The Office of Best Practice Regulation was consulted regarding this declaration and indicated that a Regulation Impact Statement was not required (OBPR ID 20850).

This instrument will come into effect on 1 July 2016 at the same time as amendments to the definition of ‘Australia’ in the Acts Interpretation Act 1901.

Statement of Compatibility with Human Rights

Prepared in accordance with Part 3 of the Human Rights (Parliamentary Scrutiny) Act 2011

Occupational Health and Safety (Maritime Industry) (Prescribed Ship – Norfolk Island) Declaration 2016

 

This Legislative Instrument is compatible with the human rights and freedoms recognised or declared in the international instruments listed in section 3 of the Human Rights (Parliamentary Scrutiny) Act 2011.

Overview of the Legislative Instrument

The Occupational Health and Safety (Maritime Industry) Act 1993 (OHS(MI) Act) regulates work health and safety for a defined part of the Australian maritime industry. The OHS(MI) Act operates in conjunction with the Seafarers Rehabilitation and Compensation Act 1992. Together the Acts establish a scheme known as the ‘Seacare scheme’.

Whether a ship is covered by the Seacare scheme is determined, in part, by whether that ship is a ‘prescribed ship’. A ‘prescribed ship’ is a ship to which Part II of the repealed Navigation Act 1912 would have applied—other than a ‘government ship’ or a ship or unit to which the Offshore Petroleum and Greenhouse Gas Storage Act 2006 applies. Part II of the Navigation Act 1912 applies to ships where a majority of the crew are residents of Australia and the operator is based in Australia.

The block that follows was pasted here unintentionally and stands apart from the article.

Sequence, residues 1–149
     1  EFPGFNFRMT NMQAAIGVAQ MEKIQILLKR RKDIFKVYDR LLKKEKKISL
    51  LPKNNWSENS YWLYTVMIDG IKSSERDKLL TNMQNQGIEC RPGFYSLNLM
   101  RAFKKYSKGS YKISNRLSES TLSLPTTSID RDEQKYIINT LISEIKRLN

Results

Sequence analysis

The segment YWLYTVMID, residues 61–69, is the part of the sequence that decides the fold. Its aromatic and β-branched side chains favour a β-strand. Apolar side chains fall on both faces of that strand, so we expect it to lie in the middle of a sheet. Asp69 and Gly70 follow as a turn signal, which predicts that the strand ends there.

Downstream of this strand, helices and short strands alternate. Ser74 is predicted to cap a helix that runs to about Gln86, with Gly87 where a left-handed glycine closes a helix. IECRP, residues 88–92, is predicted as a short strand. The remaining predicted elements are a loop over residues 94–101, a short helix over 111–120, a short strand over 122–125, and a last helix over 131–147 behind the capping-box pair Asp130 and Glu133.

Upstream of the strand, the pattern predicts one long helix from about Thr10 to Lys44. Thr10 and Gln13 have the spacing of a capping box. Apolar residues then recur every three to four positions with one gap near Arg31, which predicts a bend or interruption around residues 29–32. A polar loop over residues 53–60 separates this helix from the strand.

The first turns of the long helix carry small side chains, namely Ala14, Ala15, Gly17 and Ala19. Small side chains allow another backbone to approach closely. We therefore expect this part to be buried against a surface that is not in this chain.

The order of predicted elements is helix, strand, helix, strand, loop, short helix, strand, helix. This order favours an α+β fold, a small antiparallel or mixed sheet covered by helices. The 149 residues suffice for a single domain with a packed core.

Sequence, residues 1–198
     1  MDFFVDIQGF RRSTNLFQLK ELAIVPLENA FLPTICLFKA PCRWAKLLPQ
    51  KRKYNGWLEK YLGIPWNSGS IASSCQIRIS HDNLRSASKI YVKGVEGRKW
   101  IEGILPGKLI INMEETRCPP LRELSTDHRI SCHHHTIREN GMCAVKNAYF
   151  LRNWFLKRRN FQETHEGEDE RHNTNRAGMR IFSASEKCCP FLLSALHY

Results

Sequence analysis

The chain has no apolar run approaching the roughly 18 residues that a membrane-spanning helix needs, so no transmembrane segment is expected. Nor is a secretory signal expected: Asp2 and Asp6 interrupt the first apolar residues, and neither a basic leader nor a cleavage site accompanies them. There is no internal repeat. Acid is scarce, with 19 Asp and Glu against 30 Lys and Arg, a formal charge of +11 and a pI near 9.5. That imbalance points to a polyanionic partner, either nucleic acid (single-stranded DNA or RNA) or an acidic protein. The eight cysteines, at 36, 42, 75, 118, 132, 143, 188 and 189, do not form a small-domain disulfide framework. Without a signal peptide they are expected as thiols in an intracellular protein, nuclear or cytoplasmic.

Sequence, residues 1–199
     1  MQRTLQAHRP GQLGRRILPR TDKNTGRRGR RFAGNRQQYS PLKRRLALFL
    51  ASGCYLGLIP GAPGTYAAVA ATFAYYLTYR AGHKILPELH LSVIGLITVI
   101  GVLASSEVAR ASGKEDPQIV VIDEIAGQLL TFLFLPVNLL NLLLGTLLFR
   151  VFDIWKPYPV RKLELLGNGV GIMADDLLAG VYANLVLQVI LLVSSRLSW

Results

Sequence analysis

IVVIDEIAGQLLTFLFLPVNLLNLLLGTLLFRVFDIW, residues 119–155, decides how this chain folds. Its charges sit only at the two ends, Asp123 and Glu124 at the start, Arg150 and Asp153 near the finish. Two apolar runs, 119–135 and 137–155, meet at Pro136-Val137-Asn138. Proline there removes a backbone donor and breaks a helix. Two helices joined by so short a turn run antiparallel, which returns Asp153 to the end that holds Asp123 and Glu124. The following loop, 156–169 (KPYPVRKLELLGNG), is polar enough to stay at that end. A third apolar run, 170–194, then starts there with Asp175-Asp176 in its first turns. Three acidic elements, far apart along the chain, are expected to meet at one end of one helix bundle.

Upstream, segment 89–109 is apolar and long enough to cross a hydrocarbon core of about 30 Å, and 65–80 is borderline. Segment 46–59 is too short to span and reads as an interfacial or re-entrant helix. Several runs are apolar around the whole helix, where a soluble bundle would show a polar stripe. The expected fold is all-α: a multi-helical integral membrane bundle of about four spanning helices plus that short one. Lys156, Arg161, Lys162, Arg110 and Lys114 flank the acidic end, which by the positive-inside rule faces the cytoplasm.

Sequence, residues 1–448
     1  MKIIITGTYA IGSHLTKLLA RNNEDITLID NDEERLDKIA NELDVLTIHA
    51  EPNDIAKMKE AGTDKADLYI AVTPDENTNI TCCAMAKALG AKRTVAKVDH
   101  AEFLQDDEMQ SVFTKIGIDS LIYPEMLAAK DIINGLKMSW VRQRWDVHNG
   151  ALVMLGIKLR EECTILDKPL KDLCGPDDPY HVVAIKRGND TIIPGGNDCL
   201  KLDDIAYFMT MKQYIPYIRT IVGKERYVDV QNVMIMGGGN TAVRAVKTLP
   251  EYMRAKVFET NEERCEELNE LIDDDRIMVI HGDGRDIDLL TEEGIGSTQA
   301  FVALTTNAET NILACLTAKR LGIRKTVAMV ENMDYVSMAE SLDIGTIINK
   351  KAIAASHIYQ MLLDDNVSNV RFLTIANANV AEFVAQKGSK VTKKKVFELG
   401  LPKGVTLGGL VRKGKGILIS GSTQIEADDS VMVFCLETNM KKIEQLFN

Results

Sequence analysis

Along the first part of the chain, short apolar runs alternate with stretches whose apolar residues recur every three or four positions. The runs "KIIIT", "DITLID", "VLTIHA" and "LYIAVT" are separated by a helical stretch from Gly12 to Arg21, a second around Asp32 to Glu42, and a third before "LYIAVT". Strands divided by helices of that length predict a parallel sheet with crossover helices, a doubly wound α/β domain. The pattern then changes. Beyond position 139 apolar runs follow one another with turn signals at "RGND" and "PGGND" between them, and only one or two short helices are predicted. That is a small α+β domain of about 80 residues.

In March 2015, the Australian Government announced a reform package for Norfolk Island, including the extension of most Commonwealth laws to the island. As part of these reforms, on 1 July 2016, the definition of ‘Australia’ in the Acts Interpretation Act 1901 will be amended to include Norfolk Island.

This could mean that ships not previously covered, but with a majority crew or operated from Norfolk Island are brought within the coverage of the scheme. The declaration will provide that such ships are not prescribed ships and preserve the current coverage of the scheme.

Human rights implications

The right to safe and healthy working conditions is part of the set of interdependent rights relating to work and conditions of work set out in articles 6, 7 and 8 of the International Convention on Economic Social and Cultural Rights (ICESCR). Article 7(b) of ICESCR requires the States Parties to recognise the right of everyone to safe and healthy working conditions.